Opera House
The Odd Fellows Building and Opera House was built during the summer of 1889, by the Odd Fellows Building Company, incorporated for $20,000. Shares in the company sold for $10. The Opera House was opened with Harry Lindley in "The Stowaways," the seats selling for 25, 35 and 50 cents. As entertainment tastes changed, fewer travel­ing shows made the trip to Kent. In 1912, the opera house was purchased by M.E. Hanley of Canton, who brought in vaudeville acts as well as motion pictures. The piano gave way to a pipe organ.
The building changed hands a number of times from 1913 until 1921, when it was purchased by John Palfi, who was destined to be its final owner.
The opera house was barely 30 years old but already had seen better days. Palfi remodeled the in­terior and installed sound equipment in 1929 as silent films were replaced by "talkies." The De­pression hastened its decline and Palfi shuttered the building in 1936.

It reopened for its final run in 1940, when the Schine Theater chain, which also owned the Kent Theater, reopened it as a movie house. Films were shown there until the early 1950s, when the opera house closed for the last time.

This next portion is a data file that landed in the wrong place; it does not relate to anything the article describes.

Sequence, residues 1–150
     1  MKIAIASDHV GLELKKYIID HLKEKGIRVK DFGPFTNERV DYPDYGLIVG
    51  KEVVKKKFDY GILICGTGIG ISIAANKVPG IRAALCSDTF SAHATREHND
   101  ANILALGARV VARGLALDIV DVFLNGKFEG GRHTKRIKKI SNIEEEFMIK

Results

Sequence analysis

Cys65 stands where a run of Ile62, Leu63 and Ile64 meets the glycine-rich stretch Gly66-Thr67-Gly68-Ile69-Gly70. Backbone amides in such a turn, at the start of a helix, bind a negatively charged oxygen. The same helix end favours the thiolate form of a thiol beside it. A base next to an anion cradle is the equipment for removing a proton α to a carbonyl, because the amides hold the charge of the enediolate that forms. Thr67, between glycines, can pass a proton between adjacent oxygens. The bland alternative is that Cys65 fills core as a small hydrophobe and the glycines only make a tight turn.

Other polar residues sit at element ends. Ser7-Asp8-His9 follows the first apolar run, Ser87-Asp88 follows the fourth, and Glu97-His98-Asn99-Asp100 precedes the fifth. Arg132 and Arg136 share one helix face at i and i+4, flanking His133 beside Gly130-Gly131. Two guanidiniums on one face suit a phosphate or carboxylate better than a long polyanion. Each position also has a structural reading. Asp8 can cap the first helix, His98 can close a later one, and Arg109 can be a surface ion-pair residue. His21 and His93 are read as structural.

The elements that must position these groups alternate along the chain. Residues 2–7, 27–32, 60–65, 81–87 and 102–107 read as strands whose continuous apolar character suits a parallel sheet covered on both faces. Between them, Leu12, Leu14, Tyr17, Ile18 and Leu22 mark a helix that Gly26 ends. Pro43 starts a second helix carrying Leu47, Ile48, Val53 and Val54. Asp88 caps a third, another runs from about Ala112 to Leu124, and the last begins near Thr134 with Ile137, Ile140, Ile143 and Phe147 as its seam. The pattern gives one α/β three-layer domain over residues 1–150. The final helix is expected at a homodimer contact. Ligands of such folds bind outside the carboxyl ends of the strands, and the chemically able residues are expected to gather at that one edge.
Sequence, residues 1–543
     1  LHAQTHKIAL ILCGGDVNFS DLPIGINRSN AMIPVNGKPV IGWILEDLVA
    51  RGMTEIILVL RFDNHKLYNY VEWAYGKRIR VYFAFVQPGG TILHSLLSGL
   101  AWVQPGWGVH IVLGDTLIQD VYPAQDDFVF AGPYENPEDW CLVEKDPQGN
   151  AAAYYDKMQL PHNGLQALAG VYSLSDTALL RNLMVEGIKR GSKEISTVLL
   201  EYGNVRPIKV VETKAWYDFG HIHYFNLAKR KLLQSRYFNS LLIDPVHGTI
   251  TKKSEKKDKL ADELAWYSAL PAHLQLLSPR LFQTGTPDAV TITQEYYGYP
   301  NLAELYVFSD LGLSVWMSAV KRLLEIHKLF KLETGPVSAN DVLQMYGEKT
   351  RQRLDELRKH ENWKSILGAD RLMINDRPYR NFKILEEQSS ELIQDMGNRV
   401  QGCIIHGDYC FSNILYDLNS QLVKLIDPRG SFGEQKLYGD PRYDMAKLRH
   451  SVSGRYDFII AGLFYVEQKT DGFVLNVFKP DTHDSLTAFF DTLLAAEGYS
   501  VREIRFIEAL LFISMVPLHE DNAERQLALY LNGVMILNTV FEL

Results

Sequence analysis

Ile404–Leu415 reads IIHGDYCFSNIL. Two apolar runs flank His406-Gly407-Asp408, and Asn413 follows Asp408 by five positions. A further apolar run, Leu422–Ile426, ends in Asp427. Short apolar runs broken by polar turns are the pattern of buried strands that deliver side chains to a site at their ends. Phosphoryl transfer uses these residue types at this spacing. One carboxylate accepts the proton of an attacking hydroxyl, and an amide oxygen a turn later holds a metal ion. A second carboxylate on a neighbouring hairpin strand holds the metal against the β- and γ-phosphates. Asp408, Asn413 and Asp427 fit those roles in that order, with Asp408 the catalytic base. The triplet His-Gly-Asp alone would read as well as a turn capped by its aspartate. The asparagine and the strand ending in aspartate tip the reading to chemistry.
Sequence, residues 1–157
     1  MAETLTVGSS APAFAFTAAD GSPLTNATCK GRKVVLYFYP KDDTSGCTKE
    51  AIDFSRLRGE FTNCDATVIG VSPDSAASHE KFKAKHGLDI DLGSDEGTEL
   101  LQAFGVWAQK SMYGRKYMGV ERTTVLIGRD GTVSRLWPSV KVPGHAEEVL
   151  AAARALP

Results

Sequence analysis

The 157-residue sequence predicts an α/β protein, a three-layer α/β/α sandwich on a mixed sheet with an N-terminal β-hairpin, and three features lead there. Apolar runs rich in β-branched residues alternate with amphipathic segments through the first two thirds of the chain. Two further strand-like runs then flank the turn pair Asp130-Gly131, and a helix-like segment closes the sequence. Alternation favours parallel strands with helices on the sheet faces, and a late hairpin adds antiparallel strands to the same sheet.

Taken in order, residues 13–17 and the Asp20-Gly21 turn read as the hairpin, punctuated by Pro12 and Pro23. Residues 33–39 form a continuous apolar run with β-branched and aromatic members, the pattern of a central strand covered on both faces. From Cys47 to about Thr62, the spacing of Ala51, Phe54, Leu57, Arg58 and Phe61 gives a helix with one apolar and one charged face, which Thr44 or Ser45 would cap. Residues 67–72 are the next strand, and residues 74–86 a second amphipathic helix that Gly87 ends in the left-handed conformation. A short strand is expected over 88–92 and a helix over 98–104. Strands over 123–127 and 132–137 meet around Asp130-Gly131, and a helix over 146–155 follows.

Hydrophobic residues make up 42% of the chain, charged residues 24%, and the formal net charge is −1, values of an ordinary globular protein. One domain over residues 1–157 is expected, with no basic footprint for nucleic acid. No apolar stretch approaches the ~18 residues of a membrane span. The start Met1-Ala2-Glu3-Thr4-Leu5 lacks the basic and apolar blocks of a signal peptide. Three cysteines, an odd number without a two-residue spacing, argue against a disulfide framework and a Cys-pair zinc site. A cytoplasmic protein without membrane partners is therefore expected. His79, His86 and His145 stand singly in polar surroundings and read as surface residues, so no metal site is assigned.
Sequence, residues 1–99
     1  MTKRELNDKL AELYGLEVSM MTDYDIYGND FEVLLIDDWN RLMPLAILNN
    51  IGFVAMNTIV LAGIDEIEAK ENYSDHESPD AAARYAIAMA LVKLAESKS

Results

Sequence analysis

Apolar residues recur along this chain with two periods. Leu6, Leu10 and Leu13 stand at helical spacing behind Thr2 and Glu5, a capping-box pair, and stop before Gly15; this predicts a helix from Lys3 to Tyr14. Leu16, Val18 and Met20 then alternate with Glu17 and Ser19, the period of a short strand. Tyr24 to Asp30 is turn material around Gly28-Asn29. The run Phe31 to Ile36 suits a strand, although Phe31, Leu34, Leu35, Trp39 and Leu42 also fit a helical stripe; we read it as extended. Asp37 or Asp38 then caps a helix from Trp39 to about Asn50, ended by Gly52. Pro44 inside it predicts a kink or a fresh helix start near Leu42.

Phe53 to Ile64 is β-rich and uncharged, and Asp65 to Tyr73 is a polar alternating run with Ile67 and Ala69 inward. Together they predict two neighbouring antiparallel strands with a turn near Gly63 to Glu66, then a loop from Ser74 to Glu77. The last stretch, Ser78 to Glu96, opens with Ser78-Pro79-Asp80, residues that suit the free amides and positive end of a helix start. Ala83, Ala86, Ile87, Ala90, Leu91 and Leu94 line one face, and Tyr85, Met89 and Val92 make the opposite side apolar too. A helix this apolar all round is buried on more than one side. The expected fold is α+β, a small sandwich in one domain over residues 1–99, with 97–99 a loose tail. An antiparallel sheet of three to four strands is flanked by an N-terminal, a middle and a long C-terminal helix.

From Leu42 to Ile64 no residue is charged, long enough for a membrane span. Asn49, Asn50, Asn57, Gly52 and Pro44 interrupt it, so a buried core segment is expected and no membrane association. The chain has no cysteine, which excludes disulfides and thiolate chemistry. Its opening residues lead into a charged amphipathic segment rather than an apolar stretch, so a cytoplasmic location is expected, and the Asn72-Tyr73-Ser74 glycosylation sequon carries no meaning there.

Boarded up and decaying, the structure that once was the pride of Kent became a downtown eyesore and pigeon roost. Unlike other landmarks which ultimately were renovated and restored, the opera house was doomed to the wrecking ball. By the time it was razed in July 1963, few mourned its demise.
Nothing remains of "the handsomest building in town," which rose and fell in less than 75 years. The lot where this once grand building stood is now a bank drive up facility.
Roger DiPaoloPortage Pathways, The Record Courier – 02/06/2000
Below are recently discovered advertisements for silent movies that played at the Opera House. If you would like to know the years these movies played at our Opera House go to IMDb and search for the name of the film. Click for an enlarged view.